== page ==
I read a story at the Glob of Mucous about Sears homes delivered by rail (in pieces) in the early 1900's. Prices ranged from $400 - $3200, and you had to build them yourself (or hire someone to do it). Cute little houses they were too. Sears would give a ten year mortgage on them with payments of $30-$40 per month. During the Depression, people did default on them. Now, houses, and the monthly payments, are 100x more.
Oh, sweet nostalgia.
Edit - I forgot to mention (from the article) -
The price was cheap. The materials were not. Cypress shingles, bronze door hinges, glazed windows, granite bathtubs. They came in styles and shapes and sizes befitting a wealthy farm owner. They also came in smaller sizes, at prices affordable to even an immigrant coal miner.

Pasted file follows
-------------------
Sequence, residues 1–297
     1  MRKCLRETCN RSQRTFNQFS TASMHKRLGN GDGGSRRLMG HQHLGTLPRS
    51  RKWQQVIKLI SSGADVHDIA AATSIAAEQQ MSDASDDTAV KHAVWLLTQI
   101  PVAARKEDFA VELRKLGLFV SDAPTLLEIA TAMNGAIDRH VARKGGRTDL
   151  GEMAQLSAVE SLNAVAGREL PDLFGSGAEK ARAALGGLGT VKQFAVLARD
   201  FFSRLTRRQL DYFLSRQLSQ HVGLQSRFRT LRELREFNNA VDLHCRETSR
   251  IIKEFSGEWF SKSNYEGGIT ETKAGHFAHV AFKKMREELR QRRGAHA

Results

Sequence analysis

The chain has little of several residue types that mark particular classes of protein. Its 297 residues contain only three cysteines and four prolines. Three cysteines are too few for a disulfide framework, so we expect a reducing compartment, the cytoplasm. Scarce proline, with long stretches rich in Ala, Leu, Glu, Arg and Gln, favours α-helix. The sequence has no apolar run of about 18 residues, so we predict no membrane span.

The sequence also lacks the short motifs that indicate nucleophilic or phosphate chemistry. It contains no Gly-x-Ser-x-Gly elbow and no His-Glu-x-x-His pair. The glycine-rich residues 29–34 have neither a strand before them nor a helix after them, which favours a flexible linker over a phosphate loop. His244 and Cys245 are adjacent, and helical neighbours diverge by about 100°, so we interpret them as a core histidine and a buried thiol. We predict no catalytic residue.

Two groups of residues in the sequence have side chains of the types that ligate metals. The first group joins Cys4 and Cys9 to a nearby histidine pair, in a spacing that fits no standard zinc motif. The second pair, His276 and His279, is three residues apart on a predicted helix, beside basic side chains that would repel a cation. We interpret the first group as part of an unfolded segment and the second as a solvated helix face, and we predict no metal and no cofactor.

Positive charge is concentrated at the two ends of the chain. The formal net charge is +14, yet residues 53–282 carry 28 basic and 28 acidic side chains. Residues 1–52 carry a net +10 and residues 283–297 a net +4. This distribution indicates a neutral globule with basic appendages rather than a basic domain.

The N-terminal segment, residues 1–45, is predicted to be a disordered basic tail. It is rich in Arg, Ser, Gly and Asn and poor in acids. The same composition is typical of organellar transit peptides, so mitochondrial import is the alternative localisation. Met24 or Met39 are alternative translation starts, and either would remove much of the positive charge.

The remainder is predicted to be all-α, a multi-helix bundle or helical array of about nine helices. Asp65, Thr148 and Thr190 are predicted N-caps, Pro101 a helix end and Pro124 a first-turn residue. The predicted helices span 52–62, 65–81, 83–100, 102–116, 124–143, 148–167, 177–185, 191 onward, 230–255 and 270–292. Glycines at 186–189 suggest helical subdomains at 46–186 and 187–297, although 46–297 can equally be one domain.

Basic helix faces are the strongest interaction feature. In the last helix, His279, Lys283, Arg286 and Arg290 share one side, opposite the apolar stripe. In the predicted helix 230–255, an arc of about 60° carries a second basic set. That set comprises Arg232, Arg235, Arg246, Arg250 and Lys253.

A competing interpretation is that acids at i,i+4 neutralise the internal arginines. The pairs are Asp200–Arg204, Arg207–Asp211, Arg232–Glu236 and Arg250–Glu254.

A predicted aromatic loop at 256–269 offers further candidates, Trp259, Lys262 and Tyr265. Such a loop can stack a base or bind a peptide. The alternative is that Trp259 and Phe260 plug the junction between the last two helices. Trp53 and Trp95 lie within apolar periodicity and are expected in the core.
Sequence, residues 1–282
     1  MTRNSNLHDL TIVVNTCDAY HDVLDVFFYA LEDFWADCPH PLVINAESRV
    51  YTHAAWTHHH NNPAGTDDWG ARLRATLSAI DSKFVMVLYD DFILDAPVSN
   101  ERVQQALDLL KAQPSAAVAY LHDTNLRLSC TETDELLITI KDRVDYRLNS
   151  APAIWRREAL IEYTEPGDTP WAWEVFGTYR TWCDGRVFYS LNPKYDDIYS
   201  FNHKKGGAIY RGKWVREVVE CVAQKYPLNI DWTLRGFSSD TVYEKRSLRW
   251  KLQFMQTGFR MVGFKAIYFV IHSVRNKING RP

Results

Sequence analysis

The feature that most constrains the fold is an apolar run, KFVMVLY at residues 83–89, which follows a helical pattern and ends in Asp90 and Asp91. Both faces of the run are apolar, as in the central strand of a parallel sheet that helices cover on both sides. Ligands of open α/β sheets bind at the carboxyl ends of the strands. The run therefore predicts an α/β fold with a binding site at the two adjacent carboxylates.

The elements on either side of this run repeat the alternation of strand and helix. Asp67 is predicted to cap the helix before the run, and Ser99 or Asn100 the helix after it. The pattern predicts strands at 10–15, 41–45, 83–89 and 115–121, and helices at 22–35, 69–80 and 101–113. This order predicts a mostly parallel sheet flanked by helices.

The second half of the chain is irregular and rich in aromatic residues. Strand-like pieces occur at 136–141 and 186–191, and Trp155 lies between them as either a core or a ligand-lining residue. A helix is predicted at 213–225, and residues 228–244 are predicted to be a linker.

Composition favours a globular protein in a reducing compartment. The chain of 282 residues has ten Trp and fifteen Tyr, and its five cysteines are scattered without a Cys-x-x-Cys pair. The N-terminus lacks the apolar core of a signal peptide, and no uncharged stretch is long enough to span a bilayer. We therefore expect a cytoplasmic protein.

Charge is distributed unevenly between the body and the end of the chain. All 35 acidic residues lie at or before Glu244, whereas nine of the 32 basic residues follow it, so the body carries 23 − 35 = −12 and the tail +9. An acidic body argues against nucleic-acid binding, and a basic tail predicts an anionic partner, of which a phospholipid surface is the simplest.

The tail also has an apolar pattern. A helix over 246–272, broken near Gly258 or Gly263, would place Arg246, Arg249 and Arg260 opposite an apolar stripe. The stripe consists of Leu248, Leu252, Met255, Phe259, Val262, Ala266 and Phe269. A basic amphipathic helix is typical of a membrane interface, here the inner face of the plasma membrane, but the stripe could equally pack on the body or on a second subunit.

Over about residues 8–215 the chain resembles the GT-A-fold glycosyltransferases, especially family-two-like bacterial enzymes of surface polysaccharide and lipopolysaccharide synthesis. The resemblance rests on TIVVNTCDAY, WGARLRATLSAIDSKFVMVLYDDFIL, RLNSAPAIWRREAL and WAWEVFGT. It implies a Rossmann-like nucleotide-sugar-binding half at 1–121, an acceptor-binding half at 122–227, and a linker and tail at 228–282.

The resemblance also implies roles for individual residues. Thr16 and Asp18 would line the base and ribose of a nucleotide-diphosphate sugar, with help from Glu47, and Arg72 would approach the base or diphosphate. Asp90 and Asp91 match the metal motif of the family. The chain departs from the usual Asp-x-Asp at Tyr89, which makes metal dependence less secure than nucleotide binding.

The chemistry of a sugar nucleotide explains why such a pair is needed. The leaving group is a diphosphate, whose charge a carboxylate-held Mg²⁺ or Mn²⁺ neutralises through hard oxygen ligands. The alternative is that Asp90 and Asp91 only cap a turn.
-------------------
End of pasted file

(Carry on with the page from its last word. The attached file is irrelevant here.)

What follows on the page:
They carried evocative names such as The Montrose, a seven-room, one-bath Eastern colonial with green shutters, flower boxes and a hooded gable entrance. "Justly considered a beautiful home in any community, no matter how exclusive," said the catalogue.
Granite bath tubs - fergit yer granite counter tops - those are low-brow.
And the marketing was good then too - according to the catalogue. Evocative names. ...no matter how exclusive. No mention of luxury though.